There are so many examples (many due to the experimental and scholarly efforts of George Lakoff and his colleagues) that demonstrate the ways in which we invoke metaphor both to make sense of the world around us and to communicate our understanding to others that we should avoid falling into the trap of believing that metaphor is some kind of all-powerful philosopher's stone that can transmute confusion into knowledge (even if I had to resort to metaphor to make this point). The "darker side" of metaphor is so fundamental to Richard Lewontin's latest New York Review article, "Not So Natural Selection," that it occupies his lead sentences:
Nothing creates more misunderstanding of the results of scientific research than scientists' use of metaphors. It is not only the general public that they confuse, but their own understanding of nature that is led astray.
As one may guess from the title of this article, Lewontin is specifically concerned with the extent to which the figurative connotations of the phrase "natural selection" can be misleading. The greatest problem involves that word "selection," whose literal usage tends to presume that there is some agent doing the selecting. Thus, even if Darwin's model emphasized the "natural" modifier (an emphasis reinforced by the scientific arguments posed by Richard Dawkins, particularly in his Blind Watchmaker book), it is hard to resist the temptation to believe that some form of purposive choice is taking place. (Lewontin even reminds us that Alfred Russell Wallace explicitly warned Charles Darwin about this risk.)
We should not take Lewontin's arguments as a dismissal of the cognitive value of metaphors but as a reminder that we have to be careful about how we "live by" those metaphors (to appeal to the title of the 1980 book by Lakoff and Mark Johnson). We tend to think of metaphor as a one-way arrow that transports categories and relationships from their literal domain to a figurative one in which they inform our interpretations of new situations. However, sometimes we have to reverse the arrow, which amounts to using the figurative world to create new categories and relationships for the literal one. Thus, in Darwin's model the operative concept is one of survival and the processes by which certain species endure longer than others (as in differential reproduction). In the figurative world the species that endure have been "selected;" but the value of the metaphor is that it leads us to accept differential reproduction as a new concept to be invoked in our sense-making activities.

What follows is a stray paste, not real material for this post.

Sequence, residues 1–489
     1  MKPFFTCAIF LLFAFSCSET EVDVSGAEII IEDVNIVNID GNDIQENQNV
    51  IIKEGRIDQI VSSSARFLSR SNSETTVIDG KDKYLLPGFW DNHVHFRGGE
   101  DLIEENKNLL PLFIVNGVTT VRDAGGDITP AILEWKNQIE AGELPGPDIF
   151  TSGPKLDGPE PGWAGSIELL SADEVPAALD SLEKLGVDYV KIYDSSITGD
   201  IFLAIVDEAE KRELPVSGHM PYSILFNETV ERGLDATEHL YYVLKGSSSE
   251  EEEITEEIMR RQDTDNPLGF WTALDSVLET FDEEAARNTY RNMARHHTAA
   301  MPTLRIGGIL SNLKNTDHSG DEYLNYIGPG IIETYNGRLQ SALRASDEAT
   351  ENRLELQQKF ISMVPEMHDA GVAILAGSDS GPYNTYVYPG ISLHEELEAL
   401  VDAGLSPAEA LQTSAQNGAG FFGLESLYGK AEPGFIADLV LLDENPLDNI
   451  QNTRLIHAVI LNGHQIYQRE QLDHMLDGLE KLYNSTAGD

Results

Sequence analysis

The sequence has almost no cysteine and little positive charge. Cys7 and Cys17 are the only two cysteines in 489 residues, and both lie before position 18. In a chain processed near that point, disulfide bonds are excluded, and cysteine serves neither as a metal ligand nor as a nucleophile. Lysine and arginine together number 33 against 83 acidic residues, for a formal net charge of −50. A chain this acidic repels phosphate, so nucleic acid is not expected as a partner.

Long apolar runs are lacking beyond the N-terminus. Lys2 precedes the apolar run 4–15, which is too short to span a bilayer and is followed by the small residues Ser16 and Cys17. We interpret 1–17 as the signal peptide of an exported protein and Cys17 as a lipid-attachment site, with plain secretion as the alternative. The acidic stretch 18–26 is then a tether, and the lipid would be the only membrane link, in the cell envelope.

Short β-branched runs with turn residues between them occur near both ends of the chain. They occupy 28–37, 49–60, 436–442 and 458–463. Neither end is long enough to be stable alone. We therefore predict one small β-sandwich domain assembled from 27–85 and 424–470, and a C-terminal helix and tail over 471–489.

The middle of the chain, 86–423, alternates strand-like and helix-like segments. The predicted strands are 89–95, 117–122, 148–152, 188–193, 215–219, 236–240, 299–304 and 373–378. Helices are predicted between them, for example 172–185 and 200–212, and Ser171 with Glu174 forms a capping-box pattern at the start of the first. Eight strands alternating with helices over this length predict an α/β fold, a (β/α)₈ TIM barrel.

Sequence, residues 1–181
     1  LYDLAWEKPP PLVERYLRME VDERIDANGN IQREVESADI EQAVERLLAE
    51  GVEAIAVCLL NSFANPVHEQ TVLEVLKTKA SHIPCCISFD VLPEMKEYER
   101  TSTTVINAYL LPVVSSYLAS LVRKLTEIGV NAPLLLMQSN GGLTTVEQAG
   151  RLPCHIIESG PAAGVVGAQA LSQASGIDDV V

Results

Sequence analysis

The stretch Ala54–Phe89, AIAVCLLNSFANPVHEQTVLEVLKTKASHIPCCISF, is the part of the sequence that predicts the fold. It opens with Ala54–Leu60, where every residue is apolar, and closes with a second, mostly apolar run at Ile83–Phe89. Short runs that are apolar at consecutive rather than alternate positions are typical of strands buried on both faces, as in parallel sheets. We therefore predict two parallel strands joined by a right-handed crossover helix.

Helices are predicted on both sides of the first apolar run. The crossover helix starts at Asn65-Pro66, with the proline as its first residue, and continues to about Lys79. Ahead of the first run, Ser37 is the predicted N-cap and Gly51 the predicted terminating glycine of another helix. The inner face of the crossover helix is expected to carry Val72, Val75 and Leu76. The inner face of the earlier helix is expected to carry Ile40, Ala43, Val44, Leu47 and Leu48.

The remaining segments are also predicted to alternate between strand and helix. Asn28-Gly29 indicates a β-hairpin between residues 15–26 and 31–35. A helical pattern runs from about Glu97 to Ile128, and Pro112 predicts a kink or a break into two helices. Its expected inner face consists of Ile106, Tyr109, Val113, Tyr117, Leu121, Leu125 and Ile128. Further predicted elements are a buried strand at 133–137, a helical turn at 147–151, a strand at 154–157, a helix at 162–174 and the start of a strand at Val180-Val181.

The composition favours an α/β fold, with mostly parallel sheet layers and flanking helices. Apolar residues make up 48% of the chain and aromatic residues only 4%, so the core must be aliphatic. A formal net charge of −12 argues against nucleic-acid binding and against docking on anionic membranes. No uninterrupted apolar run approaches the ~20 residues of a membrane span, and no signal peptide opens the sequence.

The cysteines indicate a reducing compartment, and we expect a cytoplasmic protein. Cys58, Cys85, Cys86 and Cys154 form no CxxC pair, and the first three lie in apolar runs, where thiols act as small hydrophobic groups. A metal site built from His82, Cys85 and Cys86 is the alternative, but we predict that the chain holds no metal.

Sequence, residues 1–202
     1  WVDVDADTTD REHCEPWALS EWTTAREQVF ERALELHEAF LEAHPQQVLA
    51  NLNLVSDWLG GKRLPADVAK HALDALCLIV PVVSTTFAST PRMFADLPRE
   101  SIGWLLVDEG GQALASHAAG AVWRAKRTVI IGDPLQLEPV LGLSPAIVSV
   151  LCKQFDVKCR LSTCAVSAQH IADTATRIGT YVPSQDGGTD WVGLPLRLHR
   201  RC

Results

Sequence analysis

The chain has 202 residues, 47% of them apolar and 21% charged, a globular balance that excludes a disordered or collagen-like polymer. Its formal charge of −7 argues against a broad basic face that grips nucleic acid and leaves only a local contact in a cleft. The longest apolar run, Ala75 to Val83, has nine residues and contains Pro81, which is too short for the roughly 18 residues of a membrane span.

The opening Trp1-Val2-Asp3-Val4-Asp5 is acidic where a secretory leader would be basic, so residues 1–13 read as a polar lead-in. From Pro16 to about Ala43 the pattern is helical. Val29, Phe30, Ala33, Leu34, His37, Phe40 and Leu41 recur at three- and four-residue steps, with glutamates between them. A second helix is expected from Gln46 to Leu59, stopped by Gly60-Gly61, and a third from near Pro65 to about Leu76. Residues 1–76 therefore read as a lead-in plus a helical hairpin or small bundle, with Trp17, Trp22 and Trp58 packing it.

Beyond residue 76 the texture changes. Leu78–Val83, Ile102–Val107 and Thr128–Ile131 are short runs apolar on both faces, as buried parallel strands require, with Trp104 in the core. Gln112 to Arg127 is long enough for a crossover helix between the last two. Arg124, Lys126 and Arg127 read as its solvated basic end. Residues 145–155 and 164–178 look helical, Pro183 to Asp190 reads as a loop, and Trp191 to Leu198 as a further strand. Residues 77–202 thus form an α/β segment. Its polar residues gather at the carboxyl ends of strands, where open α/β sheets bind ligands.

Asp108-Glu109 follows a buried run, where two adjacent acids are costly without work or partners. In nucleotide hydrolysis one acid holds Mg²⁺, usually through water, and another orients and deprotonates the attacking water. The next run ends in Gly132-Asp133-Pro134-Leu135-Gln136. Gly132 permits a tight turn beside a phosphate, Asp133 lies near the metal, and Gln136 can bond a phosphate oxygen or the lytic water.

My own thoughts about such two-way arrows first emerged from Margaret Atwood's efforts to introduce new literary categories as a strategy for making sense of the current economic crisis. My post about Atwood was entitled "Poetic Wisdom in Practice," acknowledging a concept of Giambattista Vico long rejected by positivist rationality. Unfortunately, positivism is limited to the objective world, which does not always serve the "messier" aspects of reality particularly well. Atwood was trying to deal with the messier social side of economics; but "life itself" is just as messy. Given our cultural preferences for scientistic thinking, we clearly need to be reminded of this regularly; and it is valuable when the reminder comes from a scientist as reputable as Lewontin.